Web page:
L = V/1.700

    In this equation, both L and V are in litres. To change the number V to cubic meters, it is necessary to divide the numerator and denominator of the fraction by 1,000.

    L = V/1.000

    1.700/1.000

    'V/1.000' may be rewritten as 'Vol' in cubic meters Since the Iowa formula assumes a 90 per cent conversion rate of water to steam, we must do the same for the metric formula.

    L = Vol

    1,5

    This is the Iowa gallonage formula in metric units.

    Paul Grimwood has done extensive research on the flow rates used by various European fire departments. In his book, Fog Attack, he summarised his work by stating that the flow rate of 0,5Lpm/[m.sup.3] is close to the average used by firefighters in fighting actual structure fires. In a recent article he presented a formula that he characterised as a minimum rate of flow formula

    Lpm = A X 2

    In this equation Lpm is the rate-of-flow, and 'A' is the floor area of the confined space in [m.sup.2].

    This equation differs from the Iowa gallonage formula in two respects First, it is a rate-of-flow formula, not a gallonage formula. Second, ii involves area of the confined space, not the volume.

    What we must do is change the Iowa gallonage formula to a rate-of-flow formula. Any rate-of-flow formula must have time as a factor.

    RoF X t = Gal (or L)

    A rate-of-flow formula without time as a factor is valid for a time of one minute only.

    RoF X 1 = Gal (or L)

    For example, a RoF of 100 Lpm equals 100L only for a time of one minute. For all other times the equation is false (not equal) So making this change for the Iowa gallon age formula gives:

    Lpm X t = Vol

    1,5

    Doing the same for Grimwood's formula gives the following equation

    Lpm X t =A X 2

    There is one final change. The Grimwood formula must be changed to volume. This is done by multiplying the area (A) by ceiling height. Let us do this for 2.5m and 3.0m (8ft and 10ft). Of course if we multiply the numerator of a fraction by a number, we must do the same to the denominator.

    Lpm X t = 3 X A X 2

    Lpm X t = 2,5 X A X 2

    2,5

    Since 3 X A (of 2,5 X A) equals volume, we may change notation to get the following equations

    Lpm X t = Vol. X 2

    Lpm X t = Vol. X 2

    2,5

    Our final change is to simplify the numerator of each fraction by multiplying the numerator and denominator by 0,5.

    Lpm X t = Vol.

    Lpm X t = Vol.

    1,5

    1,25

    In this formula, L pm = litres per minute and Vol = volume of a confined space in cubic meters. Note that the 3m (10ft) ceiling height gives a formula identical to the Iowa rate-of-flow formula. The 2,5m (8 ft) ceiling height is almost within 90 per cent of the Iowa formula.

    What is the significance of this finding? First, these two formulas were created ,36 years apart and in different countries. This is a perfect ex ample of the convergence of scientific research upon the same set of facts and principles. It is sale to say that the Iowa-Grimwood formula will be the only valid formula that fire services will have to determine the right amount of water to use in a fog attack when the tire fully in volves a confined space.

  5. #5
    Forum Member
    Join Date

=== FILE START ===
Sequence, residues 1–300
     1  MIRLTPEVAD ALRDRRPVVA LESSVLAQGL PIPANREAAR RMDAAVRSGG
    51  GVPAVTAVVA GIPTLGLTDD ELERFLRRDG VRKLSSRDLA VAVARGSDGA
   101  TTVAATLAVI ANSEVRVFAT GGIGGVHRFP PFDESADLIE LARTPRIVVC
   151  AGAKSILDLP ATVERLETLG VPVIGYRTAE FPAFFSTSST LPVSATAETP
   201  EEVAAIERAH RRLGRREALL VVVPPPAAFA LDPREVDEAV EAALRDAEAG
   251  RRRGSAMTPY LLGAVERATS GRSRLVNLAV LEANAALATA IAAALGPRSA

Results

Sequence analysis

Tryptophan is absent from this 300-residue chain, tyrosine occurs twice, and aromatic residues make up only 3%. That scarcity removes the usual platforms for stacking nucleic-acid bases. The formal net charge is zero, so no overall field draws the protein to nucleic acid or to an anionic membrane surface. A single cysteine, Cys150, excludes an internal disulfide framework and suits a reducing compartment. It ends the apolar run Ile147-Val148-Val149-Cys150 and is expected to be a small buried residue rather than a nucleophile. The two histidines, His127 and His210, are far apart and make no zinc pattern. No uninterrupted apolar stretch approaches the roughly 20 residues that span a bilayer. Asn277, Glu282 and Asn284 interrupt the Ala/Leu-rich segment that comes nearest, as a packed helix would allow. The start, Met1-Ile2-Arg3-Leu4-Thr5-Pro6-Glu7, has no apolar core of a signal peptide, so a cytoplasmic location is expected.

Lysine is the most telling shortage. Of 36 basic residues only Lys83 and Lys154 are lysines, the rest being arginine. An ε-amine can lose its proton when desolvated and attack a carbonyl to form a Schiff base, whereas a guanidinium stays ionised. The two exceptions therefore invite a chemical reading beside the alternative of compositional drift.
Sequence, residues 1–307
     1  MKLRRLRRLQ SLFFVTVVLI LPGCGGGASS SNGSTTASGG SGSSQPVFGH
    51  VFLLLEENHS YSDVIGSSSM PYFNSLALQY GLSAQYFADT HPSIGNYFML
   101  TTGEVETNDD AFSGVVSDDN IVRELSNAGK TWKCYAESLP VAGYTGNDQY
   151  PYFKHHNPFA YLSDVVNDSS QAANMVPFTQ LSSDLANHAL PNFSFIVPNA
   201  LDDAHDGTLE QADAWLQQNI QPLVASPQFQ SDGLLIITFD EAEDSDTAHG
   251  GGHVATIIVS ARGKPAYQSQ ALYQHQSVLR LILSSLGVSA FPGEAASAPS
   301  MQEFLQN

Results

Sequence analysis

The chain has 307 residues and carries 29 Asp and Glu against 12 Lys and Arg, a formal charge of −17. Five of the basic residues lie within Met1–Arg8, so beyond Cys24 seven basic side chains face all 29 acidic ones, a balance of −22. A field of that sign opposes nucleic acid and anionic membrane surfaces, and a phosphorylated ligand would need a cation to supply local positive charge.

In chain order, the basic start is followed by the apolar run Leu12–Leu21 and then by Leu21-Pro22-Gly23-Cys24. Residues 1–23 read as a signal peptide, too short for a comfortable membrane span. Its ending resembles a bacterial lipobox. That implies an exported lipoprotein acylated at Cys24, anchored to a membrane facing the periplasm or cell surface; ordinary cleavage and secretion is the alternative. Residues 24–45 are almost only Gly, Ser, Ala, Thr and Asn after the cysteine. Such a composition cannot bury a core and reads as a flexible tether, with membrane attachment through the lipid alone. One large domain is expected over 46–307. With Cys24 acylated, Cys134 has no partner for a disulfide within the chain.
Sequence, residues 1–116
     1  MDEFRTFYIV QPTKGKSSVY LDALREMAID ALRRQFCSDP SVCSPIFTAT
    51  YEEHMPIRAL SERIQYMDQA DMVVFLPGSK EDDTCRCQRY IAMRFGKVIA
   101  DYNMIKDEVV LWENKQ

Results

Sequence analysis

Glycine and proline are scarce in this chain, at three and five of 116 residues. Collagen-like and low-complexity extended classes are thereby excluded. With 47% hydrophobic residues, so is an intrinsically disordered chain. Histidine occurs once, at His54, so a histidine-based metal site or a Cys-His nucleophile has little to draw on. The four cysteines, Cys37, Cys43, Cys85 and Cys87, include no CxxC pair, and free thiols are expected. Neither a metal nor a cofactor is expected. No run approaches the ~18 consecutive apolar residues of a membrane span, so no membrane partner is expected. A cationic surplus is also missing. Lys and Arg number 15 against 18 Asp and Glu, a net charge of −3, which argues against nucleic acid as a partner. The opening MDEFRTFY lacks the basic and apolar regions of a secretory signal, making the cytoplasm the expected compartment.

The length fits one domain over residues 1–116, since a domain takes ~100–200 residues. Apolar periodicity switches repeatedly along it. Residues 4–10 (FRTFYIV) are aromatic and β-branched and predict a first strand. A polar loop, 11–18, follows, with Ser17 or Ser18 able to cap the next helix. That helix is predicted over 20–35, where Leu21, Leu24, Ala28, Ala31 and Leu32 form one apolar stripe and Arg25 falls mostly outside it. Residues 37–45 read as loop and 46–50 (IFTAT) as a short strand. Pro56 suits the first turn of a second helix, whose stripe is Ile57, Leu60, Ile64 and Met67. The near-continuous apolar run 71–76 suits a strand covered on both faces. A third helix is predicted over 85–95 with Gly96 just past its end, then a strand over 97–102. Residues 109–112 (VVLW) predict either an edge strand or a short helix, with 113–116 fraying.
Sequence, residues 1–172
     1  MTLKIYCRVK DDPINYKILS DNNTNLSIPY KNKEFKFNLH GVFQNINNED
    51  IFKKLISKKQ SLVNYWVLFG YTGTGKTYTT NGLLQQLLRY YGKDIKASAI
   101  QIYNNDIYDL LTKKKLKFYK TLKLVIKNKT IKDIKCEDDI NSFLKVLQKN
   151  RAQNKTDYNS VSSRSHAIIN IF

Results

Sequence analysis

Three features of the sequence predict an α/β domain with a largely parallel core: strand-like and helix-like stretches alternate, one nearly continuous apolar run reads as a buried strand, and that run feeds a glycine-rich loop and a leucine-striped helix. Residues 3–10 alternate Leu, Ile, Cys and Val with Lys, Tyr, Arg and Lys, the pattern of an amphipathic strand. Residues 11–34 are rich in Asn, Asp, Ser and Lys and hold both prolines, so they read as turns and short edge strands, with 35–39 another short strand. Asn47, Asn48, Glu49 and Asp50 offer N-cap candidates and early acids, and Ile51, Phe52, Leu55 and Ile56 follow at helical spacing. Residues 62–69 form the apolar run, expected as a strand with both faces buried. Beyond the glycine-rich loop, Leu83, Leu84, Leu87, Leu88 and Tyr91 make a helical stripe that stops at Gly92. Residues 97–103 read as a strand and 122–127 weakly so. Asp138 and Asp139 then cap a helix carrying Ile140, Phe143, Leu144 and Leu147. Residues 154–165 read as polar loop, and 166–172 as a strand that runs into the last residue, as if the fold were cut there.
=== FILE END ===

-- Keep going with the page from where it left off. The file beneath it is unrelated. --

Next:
Jan 1999
    Location
    MA
    Posts
    1,744

    Default

    I hate when you spend 20 minutes writing something that disappears into never-never land........

    Is it a fair comparison between the US booster line and the UK high pressure reels? My understanding is that they are different animals.

    As for the can. I can't imagine taking the can as the only tool, but if you are inside on an investigation....or protecting the rescue effort, it is a great tool. I have seen it "knock down" or control a 10 x 10 bedroom fire, but the door was controlled (ie closed) and the room hadn't vented to the outside. Think about it. 1700:1 expansion ratio, all that steam has to go somewhere. Did the fire still need to be mopped up? Yup!

    As for the rest, different tools in the toolbox. Experience and training will dictate what size line you should pull. There will be times that you are wrong. The problem with the good ole booster line, was that its flows were so low, that if the fire was more than it appeared...you were lucky if you could get out. By flowing as much as 200GPM from an 1 3/4 line, at least you can protect your retreat for a bigger line.

    My feelings are that there is some merit to using a smoothbore where rescue is likely. Less steam, better reach, more likely to produce a viable victim. That being said. Fires still go out with both, and you'll never get a concensus opinion one way or the other.

    Dave

  6. #6
    Forum Member VinnieB's Avatar
    Join Date
    Mar 2004
    Location
    On the couch in my skivvies
    Posts
    2,316

    Default

    We use the can in a search team...the can goes in first...finds, locates and confines...we use 6 lengths of 1.75" and 12 lengths of 2.5"...with smooth bore nozzles...our goal is 180gpm @ 50psi and 225gpm @ 50psi, repectivley....Because of our area this works really well for us.
    Last edited by VinnieB; 10-18-2004 at 01:36 PM.
    IACOJ Member

  7. #7
    MembersZone Subscriber E229Lt's Avatar
    Join Date
    May 2000
    Posts
    2,987

    Default

    How much water does it take to knock down fire!?!?!?
    180 gpm.

    JMHO

  8. #8
    MembersZone Subscriber SamsonFCDES's Avatar
    Join Date
    Jul 2003
    Posts
    1,708

    Default

    Originally posted by E229Lt


    180 gpm.

    JMHO
    Or is it...

    810 gpm.
    018 gpm.
    108 gpm.
    180 gpm.
    801 gpm.

    FSAD
    -Brotherhood: I don't know half of you half as well as I should like; and I like less than half of you half as well as you deserve.